Alkaline Trio – ‘Blood Hair And Eyeballs’

By Katherine Allvey

Matt Skiba and Dan Adriano have a lot on their minds.

Alkaline Trio’s macabre punk vision of the world, one that’s informed a sound beloved by the melancholy for over two decades, is now dangerously close to reflecting reality.

“A lot of the stuff that was inspiring me on this record was this apocalypse culture that we live in,” says guitarist Skiba. “Without sounding trite, it’s the way that we get our information now through social media. There’s always been good and there’s always been horror, but it feels like the horror hits our doorsteps much quicker these days. It gives people the feeling that things are escalating horribly.”

Rather than positioning themselves as prophets who see the vile nature of the world lurking just beneath the surface, ‘Blood Hair And Eyeballs’ sees the band adjust themselves to become commentators on the events of the last five years. No longer acting as lurid soothsayers, they’ve exposed their humanity across eleven songs revealing that they’re just as fragile and preoccupied as the rest of us. Suddenly we’re all Alkaline Trio, and across the distance of contorted beats and flinching guitar they’re reaching out to take our hand. 

Lyrically they’ve matured past their gross-out era; there are no “dogs shitting razor blades” in Alkaline Trio’s new landscape. Even the most slasher-esque track, ‘Break’, for all its reference to paddling pools of blood, is more Lovecraft than Romero in its descriptions of death and decay. In some respects, that’s a shame: part of the pleasure of Alkaline Trio was the way they embraced the sensational. But, then again, when the real world is what horrifies you more than following instructions to slit throats or bathe in blood, you’re likely to thematically prioritise the darkness and alienation that comes from simply existing in 2024.

Despite the tamer themes, this is not a light record. ‘Teenage Heart’, a eulogy for lost optimism, is complex with sinister drops and shouts that flit through the distortion like disenchanted bats. Title track and first single ‘Blood Hair And Eyeballs’ is all insomnia and frustration infused with lightning sharp guitar and vicious desires. The way ‘Hot For Preacher’s rough edges and ferocious memories fade into the playful post punk echoes of ‘Meet Me’ is intoxicating.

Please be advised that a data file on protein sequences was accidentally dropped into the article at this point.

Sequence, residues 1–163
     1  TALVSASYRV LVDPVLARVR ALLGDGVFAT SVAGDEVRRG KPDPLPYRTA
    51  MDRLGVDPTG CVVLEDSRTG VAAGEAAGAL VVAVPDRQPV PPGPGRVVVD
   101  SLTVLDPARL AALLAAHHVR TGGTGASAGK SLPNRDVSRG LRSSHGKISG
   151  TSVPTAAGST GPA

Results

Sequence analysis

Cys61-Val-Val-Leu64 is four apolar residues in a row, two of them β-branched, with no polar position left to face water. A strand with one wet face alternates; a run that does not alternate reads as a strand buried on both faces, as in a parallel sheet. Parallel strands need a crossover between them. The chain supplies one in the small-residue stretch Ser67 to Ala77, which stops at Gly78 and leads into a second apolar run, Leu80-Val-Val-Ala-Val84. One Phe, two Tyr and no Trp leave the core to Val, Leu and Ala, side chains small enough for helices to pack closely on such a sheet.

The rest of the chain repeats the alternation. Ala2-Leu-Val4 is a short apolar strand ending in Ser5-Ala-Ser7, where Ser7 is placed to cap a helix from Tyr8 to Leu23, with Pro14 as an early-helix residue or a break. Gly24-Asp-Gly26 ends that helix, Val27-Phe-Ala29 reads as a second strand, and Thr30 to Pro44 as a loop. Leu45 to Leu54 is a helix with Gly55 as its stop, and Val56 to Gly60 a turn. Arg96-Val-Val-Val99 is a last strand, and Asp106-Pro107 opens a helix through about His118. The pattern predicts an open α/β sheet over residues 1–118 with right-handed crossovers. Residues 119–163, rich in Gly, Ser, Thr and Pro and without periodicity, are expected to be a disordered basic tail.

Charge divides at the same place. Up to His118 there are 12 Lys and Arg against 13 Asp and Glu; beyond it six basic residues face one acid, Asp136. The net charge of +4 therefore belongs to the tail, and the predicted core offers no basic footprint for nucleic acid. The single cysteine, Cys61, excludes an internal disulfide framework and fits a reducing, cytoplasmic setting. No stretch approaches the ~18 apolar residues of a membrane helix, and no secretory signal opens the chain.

However, it’s ’Versions of You’ that offers something distinctly different from the expected Alkaline Trio fare: a fractured internal reflection that’s almost uplifting in it’s key changes.  While there’s no explicit happiness in any song, there is a sense of opening up and letting regrets air like stained laundry. Drummer Derek Grant left Alkaline Trio shortly after the recording of ‘Blood Hair And Eyeballs’ (his spot has now been filled by Atom Willard of Against Me), and knowing that this album signalled a parting of ways makes you wonder how much of their musical sadness is based in real world conflict. “We let the best of us burn out,” they cry on ‘Hot For Preacher’, “We lost our way so long ago, chopping things down before they grow.”

‘Bad Time’ is the song which exemplifies this new direction. For all the discussion of gunfire and combat, it’s a song about being desperate for human contact, a plea for kindness amid discarded punk gang vocals. That’s what this album is all about: finding the humanity amid the fear that permeates the modern world. Alkaline Trio have always been blessed with the ability to see the world differently than the rest of us. For a long time that difference has manifested through tales of terror and violence, but now their lens has turned towards the grim reality of ourselves.

Rather than horrifying or constructing, they’re now reflecting and processing through their music. It’s a comforting record and a intelligent decision to change tactics, proving once again that you can never be alone if you have Alkaline Trio. 

KATE ALLVEY

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